Taken from the film ‘Still Alice’ this resonates with me and key to my understanding as to what mindfulness is about:
* Present- be where you are
* Acceptance- tolerance towards others but also ourselves
* Kindness- Compassion and empathy
Moved to the city for the ADI Conference today not before walking to Burns beach- a 40 minute walk from where I’ve been staying over the last few days. The weather has been beautiful and hot but with a cooling breeze to make it bearable. Got speaking to a fellow nurse at the beach cafe who’d worked in Inverness and stayed not many miles away from me- small world.
Went along to the screening of ‘Still Alice’ which was followed by a panel discussion which included:
Rhonda Parker- CEO Alzheimer’s Australia West Australia ( and chair)
Glenda and Bronte Parkin- Glenda is living with a diagnosis of younger- onset Alzheimers Disease and Bronte is her husband and care partner
Marc Wortman- Executive Director of Alzheimer’s Disease International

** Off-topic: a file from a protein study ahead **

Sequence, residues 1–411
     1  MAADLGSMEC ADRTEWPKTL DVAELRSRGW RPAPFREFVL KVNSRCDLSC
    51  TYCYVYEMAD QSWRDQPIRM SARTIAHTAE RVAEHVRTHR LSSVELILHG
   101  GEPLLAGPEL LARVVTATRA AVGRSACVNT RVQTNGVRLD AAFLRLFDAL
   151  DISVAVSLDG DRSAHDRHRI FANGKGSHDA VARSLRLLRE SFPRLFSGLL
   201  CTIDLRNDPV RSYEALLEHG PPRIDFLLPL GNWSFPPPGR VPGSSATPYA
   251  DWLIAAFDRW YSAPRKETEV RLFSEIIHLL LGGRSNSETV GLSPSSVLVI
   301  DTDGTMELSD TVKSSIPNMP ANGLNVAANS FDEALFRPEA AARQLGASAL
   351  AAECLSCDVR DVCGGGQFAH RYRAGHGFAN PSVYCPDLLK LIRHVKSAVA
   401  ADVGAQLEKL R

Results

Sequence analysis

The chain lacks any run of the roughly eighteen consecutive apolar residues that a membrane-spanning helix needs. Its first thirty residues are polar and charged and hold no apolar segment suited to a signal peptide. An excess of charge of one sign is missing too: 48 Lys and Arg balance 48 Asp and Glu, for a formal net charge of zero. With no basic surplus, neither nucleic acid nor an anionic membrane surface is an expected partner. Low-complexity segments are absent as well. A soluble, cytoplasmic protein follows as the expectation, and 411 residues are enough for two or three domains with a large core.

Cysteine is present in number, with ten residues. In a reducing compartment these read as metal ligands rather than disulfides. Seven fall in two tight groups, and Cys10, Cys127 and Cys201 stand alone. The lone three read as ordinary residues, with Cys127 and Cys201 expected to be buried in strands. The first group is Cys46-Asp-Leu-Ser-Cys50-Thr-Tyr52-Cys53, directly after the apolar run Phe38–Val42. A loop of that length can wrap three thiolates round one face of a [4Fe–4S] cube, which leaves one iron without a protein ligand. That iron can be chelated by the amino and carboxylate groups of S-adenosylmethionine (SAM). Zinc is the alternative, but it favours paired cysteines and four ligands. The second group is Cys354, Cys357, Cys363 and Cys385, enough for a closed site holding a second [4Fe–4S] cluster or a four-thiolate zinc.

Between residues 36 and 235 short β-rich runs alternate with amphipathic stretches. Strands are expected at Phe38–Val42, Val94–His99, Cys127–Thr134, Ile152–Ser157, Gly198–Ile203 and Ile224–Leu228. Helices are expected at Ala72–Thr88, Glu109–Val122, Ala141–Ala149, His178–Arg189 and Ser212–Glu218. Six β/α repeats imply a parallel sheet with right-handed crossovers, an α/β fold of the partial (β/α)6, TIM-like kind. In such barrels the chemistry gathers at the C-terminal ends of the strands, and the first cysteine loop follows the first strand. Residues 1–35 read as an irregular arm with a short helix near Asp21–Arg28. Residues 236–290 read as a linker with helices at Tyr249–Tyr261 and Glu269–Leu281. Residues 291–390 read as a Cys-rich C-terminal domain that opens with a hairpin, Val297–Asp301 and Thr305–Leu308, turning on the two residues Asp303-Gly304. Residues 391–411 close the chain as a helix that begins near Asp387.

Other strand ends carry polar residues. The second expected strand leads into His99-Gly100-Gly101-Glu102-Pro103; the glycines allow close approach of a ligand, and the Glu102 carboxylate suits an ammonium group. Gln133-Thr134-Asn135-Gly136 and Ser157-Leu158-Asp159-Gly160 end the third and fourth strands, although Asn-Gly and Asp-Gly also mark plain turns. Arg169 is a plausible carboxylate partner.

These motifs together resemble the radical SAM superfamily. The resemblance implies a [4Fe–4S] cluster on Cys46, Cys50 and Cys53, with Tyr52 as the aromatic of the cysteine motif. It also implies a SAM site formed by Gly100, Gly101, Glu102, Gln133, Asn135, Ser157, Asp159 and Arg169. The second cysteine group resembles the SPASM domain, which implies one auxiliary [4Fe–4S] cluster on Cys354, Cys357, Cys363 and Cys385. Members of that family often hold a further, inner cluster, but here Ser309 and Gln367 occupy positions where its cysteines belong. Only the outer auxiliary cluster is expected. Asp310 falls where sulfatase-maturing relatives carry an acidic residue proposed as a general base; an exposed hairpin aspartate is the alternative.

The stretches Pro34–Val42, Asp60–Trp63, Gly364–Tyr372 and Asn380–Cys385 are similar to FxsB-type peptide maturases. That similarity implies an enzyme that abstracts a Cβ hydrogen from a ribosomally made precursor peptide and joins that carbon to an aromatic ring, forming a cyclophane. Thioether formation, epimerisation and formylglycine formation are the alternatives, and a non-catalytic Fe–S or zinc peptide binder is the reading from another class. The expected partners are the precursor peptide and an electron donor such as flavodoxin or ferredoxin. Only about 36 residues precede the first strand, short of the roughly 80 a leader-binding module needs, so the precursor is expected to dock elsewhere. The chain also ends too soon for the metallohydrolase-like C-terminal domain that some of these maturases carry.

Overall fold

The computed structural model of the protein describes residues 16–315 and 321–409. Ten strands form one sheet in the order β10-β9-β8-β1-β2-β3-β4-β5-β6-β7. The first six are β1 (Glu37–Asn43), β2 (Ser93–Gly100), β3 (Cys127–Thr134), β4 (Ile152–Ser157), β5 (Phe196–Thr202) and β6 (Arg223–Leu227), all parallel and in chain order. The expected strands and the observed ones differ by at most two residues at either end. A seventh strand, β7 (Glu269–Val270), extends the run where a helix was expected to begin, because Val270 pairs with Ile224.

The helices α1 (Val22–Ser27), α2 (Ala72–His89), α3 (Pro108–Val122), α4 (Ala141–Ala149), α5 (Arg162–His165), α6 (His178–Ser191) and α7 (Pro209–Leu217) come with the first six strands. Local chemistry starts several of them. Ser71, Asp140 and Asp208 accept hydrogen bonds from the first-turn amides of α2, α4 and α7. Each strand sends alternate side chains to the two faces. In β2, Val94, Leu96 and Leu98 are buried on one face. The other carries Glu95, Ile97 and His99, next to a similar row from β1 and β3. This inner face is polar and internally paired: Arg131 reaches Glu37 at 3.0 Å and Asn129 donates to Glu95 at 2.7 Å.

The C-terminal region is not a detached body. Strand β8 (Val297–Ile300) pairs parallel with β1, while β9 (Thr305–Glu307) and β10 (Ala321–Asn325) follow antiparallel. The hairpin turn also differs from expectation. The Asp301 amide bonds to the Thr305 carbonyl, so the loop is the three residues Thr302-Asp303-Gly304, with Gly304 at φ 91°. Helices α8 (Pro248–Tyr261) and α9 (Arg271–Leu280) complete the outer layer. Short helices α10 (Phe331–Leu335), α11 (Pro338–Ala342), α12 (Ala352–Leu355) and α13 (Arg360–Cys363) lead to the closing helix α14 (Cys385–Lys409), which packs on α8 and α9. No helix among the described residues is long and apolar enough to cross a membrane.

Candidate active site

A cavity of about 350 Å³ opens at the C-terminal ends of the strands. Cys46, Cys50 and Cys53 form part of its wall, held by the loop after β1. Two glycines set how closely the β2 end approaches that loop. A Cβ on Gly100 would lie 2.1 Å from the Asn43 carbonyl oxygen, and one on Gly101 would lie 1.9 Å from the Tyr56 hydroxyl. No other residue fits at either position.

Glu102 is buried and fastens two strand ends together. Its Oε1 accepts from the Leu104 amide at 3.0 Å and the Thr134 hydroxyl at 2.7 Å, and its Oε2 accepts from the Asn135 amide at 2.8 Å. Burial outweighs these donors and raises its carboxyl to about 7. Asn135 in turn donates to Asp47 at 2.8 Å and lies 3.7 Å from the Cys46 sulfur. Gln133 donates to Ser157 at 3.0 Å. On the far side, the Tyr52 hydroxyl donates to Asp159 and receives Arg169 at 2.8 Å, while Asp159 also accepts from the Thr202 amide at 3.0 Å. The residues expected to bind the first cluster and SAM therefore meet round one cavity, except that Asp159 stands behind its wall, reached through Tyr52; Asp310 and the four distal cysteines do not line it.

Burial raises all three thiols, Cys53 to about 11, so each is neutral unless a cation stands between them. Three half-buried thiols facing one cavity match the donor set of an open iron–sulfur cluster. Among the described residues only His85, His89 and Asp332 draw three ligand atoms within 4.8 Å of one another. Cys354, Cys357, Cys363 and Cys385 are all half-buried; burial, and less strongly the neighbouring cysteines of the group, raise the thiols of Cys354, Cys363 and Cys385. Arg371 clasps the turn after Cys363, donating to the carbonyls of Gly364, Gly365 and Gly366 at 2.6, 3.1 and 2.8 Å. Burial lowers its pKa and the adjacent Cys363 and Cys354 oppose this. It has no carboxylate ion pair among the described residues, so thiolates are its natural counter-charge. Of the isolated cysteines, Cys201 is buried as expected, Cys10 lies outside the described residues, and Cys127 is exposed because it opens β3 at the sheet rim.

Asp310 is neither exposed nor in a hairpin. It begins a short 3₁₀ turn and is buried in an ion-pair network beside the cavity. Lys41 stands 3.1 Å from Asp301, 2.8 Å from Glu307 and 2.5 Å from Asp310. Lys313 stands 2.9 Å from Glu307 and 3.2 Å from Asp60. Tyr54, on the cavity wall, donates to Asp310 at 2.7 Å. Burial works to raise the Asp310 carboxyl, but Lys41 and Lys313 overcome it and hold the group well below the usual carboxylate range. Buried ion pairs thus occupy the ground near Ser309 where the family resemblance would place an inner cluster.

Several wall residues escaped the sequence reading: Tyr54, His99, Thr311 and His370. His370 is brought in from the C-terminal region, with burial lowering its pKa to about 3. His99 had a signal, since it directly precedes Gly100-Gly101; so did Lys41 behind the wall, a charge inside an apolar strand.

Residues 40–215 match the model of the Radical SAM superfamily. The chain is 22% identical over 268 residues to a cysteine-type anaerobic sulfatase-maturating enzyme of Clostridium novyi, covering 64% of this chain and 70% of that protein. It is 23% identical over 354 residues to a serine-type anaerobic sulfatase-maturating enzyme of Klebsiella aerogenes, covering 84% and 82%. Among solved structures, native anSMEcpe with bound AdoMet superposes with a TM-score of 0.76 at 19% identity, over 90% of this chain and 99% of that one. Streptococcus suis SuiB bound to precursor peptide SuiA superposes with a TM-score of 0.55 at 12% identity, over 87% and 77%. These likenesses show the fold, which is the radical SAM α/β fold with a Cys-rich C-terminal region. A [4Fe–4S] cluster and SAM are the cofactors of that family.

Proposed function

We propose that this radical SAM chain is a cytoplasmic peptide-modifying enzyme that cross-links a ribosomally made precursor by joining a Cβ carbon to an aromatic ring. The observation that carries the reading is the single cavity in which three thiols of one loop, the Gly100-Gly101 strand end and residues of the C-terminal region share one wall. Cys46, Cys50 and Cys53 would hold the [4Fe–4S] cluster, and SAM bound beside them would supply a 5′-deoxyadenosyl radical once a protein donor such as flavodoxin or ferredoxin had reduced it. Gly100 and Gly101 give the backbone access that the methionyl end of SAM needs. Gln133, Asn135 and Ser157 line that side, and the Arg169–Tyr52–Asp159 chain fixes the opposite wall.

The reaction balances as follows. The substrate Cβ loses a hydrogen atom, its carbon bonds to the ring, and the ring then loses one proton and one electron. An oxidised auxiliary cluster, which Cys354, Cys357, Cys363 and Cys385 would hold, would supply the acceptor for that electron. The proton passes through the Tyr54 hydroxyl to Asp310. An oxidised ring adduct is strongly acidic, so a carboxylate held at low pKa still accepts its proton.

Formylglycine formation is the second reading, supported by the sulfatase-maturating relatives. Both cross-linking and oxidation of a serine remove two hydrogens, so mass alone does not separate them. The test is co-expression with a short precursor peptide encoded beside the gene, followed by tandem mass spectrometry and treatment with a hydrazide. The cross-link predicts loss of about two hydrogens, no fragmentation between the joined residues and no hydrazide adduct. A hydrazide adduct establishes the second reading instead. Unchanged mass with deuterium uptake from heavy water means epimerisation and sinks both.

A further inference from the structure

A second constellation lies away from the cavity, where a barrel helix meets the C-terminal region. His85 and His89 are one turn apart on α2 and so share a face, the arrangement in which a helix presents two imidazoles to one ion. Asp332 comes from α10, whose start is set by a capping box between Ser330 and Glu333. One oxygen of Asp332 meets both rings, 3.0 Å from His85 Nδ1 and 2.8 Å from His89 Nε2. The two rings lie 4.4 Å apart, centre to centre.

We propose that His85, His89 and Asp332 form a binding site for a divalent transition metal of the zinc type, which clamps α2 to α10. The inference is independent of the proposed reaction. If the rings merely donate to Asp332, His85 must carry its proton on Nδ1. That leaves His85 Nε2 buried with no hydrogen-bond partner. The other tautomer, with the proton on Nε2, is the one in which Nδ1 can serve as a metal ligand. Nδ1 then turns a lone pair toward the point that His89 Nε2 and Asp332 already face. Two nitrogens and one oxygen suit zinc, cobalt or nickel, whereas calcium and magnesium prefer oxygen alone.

Elizabeth Gelfand Searns- Co- Producer of Still Alice
Dr Yves Joanette- Neuroscientist from Canada
Rhonda asked all panel members the same question:
What is the best thing about the movie?
Responses included- bringing Alzheimers Disease to life, helps to increase conversations and face stigma. Challenges public policy and communities to understand and own it. That Dementia knows no boundaries and explores the impact on the person living with dementia- diagnosis, relationships and work.
Dr Yves Joanette spoke about how the ‘Still’ in still Alice is of uttermost importance- asking who are we really? Alice is ‘still’ Alice as is Glenda is ‘still’ Glenda and that love, emotions and relationships are still there and to see the person behind the condition.
If you haven’t yet seen ‘Still Alice’ then I encourage you to go.
Helga Rohra from Germany who is the chair of the European Working Group of people with Dementia posed the question as to ‘what dementia looks like’ after being told on many occasions, you can’t possibly have dementia (due to continued high- functioning) and that the faces of dementia are different. Kate Swaffer also speaks about this in her blog.
Looking forward to the formal opening of the ADI conference tomorrow.